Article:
Wayne Couzens has joined the relatively small group of killers in the UK who will die behind bars for their crimes.
A court heard how the then Met Police officer falsely arrested Sarah Everard for breaching coronavirus rules to get her into his car, rape and murder her.
Sentencing the 48-year-old, Lord Justice Fulford said the abuse of his “unique position” as a policeman was a “vital factor” in giving him a whole-life tariff.
Metropolitan Police Commissioner Dame Cressida Dick has resisted calls to resign and said she will “do everything in her power to ensure any lessons are learned”.
But as Couzens begins his life sentence, there are still key questions that remained unanswered.
Before he murdered Ms Everard, he was subject to three separate allegations of indecent exposure – one while he serving with a different force in 2015 and two just weeks before his crimes.
The Independent Office for Police Conduct (IOPC) is still investigating the potential failure of the Met and Kent Police to properly investigate those allegations.
Here Sky News looks at the key questions about Wayne Couzens and the police that are yet to be answered.
Timeline of Wayne Couzens' police career
1. Was he nicknamed ‘the rapist’ and why?
Couzens first became involved with the police in 2005, when he joined the Kent force as a special (volunteer) constable.
But his plea hearing at the Old Bailey in July heard that he was involved in an “incident” of a sexual nature in 2002.
Police forces are obliged to carry out thorough vetting and background checks on special constables, but it is unclear if they were made aware of this “incident”.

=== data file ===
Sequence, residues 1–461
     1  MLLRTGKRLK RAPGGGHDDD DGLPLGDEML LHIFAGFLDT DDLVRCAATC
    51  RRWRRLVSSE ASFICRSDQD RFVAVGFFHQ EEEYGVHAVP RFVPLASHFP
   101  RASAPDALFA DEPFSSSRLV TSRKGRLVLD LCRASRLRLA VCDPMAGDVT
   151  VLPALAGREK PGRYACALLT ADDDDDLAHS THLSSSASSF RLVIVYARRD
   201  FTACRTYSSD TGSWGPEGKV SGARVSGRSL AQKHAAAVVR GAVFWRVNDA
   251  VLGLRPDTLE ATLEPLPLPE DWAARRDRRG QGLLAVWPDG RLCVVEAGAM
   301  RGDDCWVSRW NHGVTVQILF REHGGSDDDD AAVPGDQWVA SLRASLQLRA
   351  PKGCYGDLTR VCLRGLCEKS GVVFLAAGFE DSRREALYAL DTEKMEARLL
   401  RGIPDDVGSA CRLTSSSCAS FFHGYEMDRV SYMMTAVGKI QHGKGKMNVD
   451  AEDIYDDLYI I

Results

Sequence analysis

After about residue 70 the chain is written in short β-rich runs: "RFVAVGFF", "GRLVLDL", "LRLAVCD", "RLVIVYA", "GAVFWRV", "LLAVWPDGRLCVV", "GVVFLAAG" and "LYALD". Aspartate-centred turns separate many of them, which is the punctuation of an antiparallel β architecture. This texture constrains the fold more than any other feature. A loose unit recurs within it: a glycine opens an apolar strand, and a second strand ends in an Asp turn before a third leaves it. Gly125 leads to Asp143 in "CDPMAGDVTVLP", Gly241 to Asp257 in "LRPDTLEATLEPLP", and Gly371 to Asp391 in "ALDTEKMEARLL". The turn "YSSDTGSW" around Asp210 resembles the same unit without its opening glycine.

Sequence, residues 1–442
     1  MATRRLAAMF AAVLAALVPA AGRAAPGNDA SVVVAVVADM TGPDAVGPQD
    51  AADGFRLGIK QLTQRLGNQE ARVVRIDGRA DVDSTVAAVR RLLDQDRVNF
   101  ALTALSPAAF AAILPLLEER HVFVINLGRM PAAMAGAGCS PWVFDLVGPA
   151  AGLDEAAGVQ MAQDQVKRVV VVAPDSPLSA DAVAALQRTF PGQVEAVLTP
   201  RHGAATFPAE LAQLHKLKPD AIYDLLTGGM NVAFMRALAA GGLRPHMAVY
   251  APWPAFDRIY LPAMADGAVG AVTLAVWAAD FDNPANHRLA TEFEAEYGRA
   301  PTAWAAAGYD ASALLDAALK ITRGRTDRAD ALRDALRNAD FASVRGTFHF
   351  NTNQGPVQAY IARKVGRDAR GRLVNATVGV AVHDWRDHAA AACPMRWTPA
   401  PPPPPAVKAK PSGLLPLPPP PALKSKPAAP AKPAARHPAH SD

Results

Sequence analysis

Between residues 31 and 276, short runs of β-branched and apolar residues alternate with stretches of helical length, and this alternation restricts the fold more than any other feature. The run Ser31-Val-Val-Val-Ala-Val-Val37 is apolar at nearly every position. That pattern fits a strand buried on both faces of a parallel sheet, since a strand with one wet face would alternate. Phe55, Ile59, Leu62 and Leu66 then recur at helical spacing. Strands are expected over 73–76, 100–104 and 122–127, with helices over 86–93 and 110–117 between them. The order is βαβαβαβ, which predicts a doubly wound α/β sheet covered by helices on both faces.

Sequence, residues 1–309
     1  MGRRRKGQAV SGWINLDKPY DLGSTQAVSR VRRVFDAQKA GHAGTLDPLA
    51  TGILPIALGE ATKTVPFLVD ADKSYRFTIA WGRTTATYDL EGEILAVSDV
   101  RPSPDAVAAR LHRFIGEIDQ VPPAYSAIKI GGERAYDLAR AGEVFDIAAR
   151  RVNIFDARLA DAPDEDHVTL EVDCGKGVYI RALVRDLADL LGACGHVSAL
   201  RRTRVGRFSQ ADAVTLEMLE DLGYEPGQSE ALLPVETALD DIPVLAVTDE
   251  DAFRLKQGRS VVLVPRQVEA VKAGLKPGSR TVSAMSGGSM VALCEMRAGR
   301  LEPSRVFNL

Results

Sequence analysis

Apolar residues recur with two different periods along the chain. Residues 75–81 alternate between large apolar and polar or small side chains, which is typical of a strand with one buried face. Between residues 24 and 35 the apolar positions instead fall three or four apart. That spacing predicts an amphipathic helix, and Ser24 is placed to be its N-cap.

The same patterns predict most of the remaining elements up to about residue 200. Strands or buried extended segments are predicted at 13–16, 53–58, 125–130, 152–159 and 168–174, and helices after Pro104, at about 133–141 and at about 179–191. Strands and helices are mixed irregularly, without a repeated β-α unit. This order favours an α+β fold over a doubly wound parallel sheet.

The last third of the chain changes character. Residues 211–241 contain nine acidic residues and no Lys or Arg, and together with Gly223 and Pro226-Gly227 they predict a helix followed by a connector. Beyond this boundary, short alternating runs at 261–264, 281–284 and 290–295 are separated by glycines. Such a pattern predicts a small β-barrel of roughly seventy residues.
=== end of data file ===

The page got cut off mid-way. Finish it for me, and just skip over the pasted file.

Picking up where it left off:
In March 2011, Couzens joined the Civil Nuclear Constabulary (CNC), which saw him stationed as an armed protection officer at a nuclear facility in Sellafield, Cumbria and Dungeness in Kent.
The Old Bailey was told that his CNC colleagues knew he was “attracted to violent pornography”, with The Sun reporting he was given the nickname “the rapist”.
Met Police assistant commissioner Nick Ephgrave said the force “refutes” he was ever referred to by that name, adding: “That is not something that was made aware to us”.
Graham Wettone, who retired as a Met Police sergeant in 2010, said he had never heard of a such a concerning nickname in his 30 years of service.
“I have never heard a nickname like that before,” he said.
“Why would you call somebody that? And in a police environment? It raises alarm bells.”
Former DCI Simon Harding, a senior investigator on the Sarah Everard case, told Sky News that the nickname was not widely used by colleagues and “a lot of people didn’t notice he was this person”.